Myers stresses Putin’s education in economics and law school, but more importantly he points to Putin’s time in the KGB when he was stationed in Dresden.  While being posted to East Germany Putin was exposed to the Stasi and their practices.  Putin was involved in intelligence operations, counter intelligence analysis, and scientific and technical espionage.  The KGB’s goal in East Germany was to gather intelligence and recruit agents who had access to the west, especially individuals who had relatives near American and NATO military bases.  Putin was heavily involved in recruiting and running agents to determine East German support for the Soviet Union.  In 1987, Putin who was very popular with his superiors was promoted to Lieutenant Colonel and the Dresden Station Chief’s senior assistant, or enforcer.  Myers traces Putin’s actions as Mikhail Gorbachev instituted Glasnost and Perestroika and his reaction to events in November, 1989 as the Berlin Wall came down.  Two years later, the Soviet Union finally gave way after a failed coup against Gorbachev, and Yeltsin emerged as the dominant political figure in Russia.  Putin’s reaction to events led him to resign from the KGB.   The future “Tsar” was now cast adrift.

In contemplating Putin’s career one must ask, how he progressed from being a former intelligence operative to President of Russia in seven years.  Myers does an excellent job framing Putin’s behavior and beliefs following the collapse of the Soviet Union.  Rising to the position of Deputy Mayor of Leningrad he attached himself to the coattails of a former law professor at his alma mater, Anatoly Sobchak.  It was during Sobchak’s administration that Putin, because of his economics background negotiated no bid contracts with newly created corporations that involved numerous kickbacks and extensive fraud.  Leningrad’s treasury was almost empty and casino gambling was seen as a source of revenue.  This would lead to organized crime and the emergence of the new corporate oligarchs controlling the local economy.  Myers points to rumors of Putin’s involvement, but can’t make a definitive case.   It was at this time that a number of these new oligarchs that emerged under Yeltsin, businessmen like Yuri Kovalchuk and Vladimir Yakunin whose metal company received licenses to export aluminum and non-ferrous metals grew very close to Putin, and years later would become titans of Russian industry.  Putin’s role in Leningrad’s economy increased under Sobchak and more and more cronies from his KGB past were given prominent positions in the city’s government.  Myers refers to these men as the “St. Petersburg boys,” who would emerge as important players when Putin assumed power.  Sobchak’s goal was to make his city the friendliest to foreign investment in the entire country.  Putin’s goal was to help create a new “window to the west,” the first major transformation of its kind since Peter the Great.  Putin would operate in the background with no fanfare and little emotion.  He knew how to slice through the bureaucracy and Russia’s opaque laws and used his Leningrad experience as a primer on how to get things done.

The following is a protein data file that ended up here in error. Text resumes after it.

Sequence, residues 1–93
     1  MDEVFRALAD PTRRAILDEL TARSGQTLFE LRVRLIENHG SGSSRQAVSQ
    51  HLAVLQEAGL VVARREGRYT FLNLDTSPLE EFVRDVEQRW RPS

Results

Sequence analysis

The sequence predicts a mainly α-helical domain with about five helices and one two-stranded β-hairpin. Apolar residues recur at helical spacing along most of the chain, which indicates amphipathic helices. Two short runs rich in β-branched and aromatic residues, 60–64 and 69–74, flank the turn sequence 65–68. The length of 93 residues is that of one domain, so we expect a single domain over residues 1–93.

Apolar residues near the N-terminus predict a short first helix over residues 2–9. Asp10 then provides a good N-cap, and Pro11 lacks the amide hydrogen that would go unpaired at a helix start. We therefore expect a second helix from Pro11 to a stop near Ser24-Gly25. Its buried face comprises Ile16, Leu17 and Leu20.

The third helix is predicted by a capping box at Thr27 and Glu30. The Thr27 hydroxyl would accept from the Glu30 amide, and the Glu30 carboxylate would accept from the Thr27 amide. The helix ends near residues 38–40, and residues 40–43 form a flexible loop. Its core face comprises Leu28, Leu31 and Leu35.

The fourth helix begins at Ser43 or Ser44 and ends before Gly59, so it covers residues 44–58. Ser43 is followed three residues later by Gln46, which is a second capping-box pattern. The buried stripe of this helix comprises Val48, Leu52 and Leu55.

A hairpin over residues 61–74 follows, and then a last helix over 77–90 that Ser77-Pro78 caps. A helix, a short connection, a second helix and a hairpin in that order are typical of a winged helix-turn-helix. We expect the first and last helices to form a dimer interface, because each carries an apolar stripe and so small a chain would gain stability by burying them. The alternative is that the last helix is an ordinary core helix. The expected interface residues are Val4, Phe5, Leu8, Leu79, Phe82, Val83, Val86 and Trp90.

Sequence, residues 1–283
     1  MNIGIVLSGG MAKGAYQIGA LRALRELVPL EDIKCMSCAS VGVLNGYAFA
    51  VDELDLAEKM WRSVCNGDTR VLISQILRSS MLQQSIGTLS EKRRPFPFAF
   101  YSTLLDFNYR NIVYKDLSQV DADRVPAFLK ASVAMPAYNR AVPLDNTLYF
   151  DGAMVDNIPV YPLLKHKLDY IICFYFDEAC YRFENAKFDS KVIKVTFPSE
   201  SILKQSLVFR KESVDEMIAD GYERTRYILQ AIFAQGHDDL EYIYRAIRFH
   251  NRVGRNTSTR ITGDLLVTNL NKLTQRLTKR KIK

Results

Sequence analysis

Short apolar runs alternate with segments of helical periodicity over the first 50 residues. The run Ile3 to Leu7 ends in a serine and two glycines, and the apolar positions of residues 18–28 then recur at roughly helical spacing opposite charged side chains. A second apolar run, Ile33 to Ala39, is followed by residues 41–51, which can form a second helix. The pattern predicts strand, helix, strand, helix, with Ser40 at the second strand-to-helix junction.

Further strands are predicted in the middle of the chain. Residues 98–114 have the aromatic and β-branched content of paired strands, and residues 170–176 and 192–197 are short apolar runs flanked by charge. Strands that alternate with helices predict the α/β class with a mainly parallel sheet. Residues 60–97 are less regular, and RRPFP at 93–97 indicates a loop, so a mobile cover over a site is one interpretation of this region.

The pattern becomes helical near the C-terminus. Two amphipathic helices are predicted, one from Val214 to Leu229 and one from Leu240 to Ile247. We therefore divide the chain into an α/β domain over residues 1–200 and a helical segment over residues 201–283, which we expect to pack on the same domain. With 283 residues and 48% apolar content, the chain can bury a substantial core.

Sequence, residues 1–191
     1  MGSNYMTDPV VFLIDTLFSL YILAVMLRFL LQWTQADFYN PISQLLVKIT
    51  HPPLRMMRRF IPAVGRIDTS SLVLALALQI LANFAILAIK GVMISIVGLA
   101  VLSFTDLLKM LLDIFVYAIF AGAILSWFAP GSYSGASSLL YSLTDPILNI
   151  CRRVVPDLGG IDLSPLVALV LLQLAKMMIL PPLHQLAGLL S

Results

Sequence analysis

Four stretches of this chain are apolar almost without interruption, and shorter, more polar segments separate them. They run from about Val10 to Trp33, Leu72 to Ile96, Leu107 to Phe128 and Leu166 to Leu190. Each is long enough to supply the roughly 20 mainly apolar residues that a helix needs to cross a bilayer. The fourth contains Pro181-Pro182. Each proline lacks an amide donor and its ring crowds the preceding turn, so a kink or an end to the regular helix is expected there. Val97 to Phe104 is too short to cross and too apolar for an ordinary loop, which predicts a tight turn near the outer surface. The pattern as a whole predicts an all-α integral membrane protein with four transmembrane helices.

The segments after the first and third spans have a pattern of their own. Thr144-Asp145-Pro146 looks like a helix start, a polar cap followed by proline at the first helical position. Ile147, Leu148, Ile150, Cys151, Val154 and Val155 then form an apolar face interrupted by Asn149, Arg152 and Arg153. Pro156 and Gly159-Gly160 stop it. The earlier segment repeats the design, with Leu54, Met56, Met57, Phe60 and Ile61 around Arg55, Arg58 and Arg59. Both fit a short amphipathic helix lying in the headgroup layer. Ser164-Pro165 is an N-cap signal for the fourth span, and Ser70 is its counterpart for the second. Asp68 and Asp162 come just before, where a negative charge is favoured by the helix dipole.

(Russian President Boris Yeltsin)